May 27

Sky Report: May 29 – June 4, 2023

Mars passes in front of the stars of the Beehive Star Cluster on the nights of June 1 and 2. The graphic shows Mars nightly from May 31 at lower right through June 3 at upper left. The view is 3° wide. Look once it is fully dark about 90 min after sunset; Mars will then be 1/3 of the way up the western sky. Graphic created with

Turning first to planets, Mars and Venus form a pretty pair in the evening sky. They’re only 11° apart – the width of your fist held at arm’s length — but they’re very unmatched in brightness. Venus is the brightest thing in the night sky (other than the moon) but Mars is only 1/150 as bright! That still puts Mars as bright as the brighter stars. You’ll see Venus 1/3 of the way up the western sky as darkness falls, and Mars is to the upper left of Venus. Note the color contrast.

Venus has been moving eastward against the background of stars for months, approaching Mars, which has been moving eastward too but at half the speed. Watch Venus continue to close the gap.

Venus is in Gemini, and on the night of June 1 it’s in line with the heads of the Twins; Pollux is on the left and Castor on the right. The three span 10°. By watching Venus go into and then out of alignment you can easily monitor its nightly motion.

The unusual event of the week is the passage of Mars in front of the bright star cluster M44, familiarly known as the Beehive (appropriate for Utah), in the constellation Cancer. M44 is bright enough to have been known since ancient times; it was described as “a little mist” in 260 B.C. In 1609 Galileo discovered its true nature when he saw it as a cluster of more than 40 stars; we suspect there are at least 1,000. They’re a relatively close (for a star cluster) 577 light years from earth and the stars are a youthful 600-750 million years old. Google can tell you more.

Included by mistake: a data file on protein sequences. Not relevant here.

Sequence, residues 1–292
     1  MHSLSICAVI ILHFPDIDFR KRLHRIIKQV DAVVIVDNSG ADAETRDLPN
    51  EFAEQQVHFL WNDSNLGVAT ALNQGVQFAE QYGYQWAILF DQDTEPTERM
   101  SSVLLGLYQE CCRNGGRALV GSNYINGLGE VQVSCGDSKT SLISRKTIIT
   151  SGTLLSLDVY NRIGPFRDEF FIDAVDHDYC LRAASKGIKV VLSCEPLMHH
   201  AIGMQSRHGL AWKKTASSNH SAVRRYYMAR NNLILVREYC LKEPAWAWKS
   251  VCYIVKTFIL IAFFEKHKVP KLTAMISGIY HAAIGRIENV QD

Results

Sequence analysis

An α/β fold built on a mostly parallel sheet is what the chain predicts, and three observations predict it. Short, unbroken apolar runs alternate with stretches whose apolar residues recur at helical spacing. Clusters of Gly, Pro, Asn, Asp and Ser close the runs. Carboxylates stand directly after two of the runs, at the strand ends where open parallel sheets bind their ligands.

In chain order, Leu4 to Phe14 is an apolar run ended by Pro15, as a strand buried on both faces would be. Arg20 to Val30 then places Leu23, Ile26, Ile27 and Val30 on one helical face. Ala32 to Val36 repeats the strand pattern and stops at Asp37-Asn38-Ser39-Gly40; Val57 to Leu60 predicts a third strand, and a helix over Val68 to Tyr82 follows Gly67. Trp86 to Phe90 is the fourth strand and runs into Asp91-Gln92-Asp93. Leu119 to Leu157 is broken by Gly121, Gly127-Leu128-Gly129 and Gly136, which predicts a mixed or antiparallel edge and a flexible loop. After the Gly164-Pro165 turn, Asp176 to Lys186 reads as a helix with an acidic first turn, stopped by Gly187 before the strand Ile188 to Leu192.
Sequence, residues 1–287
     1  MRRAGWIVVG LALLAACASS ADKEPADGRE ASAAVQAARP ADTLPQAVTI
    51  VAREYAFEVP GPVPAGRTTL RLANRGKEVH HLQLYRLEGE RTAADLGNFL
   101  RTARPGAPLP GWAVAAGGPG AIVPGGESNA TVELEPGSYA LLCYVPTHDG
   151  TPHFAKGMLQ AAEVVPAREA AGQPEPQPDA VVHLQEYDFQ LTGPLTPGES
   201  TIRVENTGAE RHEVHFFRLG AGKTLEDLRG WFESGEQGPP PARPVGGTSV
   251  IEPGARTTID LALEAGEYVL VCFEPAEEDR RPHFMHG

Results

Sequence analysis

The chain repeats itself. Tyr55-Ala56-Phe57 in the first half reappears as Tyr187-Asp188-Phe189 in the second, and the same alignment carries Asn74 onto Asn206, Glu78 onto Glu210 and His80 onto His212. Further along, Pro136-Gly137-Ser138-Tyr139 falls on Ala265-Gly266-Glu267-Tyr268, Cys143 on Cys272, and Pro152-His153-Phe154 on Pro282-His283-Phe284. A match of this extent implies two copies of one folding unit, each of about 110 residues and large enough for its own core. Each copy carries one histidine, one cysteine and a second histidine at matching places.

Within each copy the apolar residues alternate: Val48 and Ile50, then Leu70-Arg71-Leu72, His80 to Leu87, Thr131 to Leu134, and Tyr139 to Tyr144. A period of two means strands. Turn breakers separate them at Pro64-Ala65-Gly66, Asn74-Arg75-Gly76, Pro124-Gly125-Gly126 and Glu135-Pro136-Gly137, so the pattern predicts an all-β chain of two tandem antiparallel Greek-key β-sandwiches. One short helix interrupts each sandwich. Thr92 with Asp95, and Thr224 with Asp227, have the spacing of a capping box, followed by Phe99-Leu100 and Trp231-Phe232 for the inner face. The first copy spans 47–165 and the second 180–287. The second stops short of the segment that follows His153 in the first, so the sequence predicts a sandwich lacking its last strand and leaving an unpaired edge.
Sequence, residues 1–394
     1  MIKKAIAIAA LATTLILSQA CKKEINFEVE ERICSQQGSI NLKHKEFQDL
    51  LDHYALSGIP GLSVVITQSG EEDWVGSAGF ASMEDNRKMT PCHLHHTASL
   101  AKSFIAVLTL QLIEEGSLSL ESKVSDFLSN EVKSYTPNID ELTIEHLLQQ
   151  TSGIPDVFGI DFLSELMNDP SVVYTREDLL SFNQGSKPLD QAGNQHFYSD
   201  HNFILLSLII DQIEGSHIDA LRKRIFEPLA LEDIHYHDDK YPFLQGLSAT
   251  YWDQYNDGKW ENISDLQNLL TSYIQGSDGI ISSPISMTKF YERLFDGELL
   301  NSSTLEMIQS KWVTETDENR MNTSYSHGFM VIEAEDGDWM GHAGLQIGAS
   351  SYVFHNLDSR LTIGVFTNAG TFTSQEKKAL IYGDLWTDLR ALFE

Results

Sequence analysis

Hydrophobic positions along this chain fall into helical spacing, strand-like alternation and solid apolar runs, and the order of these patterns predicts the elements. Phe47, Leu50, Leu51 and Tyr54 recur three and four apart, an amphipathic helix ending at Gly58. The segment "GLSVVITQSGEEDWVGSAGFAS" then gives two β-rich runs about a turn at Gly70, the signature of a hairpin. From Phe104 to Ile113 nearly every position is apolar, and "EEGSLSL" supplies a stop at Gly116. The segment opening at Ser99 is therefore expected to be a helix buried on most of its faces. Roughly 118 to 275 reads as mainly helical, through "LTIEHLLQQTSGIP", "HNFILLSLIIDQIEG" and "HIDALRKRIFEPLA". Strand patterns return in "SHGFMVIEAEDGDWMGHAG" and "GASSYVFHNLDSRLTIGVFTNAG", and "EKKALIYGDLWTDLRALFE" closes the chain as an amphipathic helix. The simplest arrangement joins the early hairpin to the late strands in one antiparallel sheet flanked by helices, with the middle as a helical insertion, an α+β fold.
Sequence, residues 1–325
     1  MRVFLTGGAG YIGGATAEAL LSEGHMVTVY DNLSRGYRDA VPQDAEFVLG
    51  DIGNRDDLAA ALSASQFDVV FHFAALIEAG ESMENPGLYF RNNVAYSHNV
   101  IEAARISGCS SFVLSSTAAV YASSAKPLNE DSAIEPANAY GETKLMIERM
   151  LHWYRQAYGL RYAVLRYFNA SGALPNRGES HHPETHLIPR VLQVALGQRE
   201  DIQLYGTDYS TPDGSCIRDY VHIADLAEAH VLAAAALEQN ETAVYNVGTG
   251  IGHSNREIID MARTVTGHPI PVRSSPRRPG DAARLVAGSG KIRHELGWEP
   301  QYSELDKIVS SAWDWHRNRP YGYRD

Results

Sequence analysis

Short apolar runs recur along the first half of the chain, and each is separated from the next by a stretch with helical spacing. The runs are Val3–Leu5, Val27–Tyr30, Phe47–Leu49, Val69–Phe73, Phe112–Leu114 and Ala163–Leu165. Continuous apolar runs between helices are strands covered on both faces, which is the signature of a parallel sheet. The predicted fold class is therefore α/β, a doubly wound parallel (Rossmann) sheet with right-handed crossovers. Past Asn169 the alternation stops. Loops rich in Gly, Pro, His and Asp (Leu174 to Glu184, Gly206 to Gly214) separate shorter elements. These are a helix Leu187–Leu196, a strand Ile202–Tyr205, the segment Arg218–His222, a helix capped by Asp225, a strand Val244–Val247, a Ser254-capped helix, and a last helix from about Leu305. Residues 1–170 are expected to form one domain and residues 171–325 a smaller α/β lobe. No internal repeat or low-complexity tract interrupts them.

That said, Mars cuts across, or transits, the northern edge of the cluster on the nights of the 1st and 2nd. The cluster is easily visible to the unaided eye if the sky is dark but binoculars are much better and a spotting telescope is best. Track Mars as it approaches, transits, and then leaves the Beehive Cluster behind, all in a few days.

Saturn is well up in the morning. An hour before sunrise it’s due southeast (azimuth = 90°) and precisely 1/3 of the way up the sky. Saturn isn’t overwhelmingly bright but it’s by far the brightest star-like thing in the constellation Aquarius so you’ll have no trouble picking it out. The similarly bright star below and to the right of it is Fomalhaut in Pisces Austrinus.

Also an hour before sunrise Jupiter is visible with difficulty, despite its brightness, because it is so low (altitude = 10°) in the east. It’ll be higher this summer.

On the 29th Mercury is as far from the sun as it gets (“greatest western elongation” to use the technical term) in the morning sky but it will be difficult to see as was explained with a graphic in my Sky Report for April 10-16 (they’re archived at Wait for its September evening appearance.

Stellar Vista Observatory provides portable telescopes and tripod mounted binocular kits on loan for free to residents and visitors in Kane County. Enhance your enjoyment of the night sky! To learn more, request a loan, or attend one of SVO’s free public star parties for 2023, visit or drop in to the Kane County Office of Tourism.

About the Author:

John Mosley was Program Supervisor of the Griffith Observatory in Los Angeles for 27 years and is the author of “Stargazing for Beginners” and “Stargazing with Binoculars and Telescopes”. He and his wife live in St. George where he continues to stargaze from his retirement home while serving on the advisory committee for Stellar Vista Observatory.

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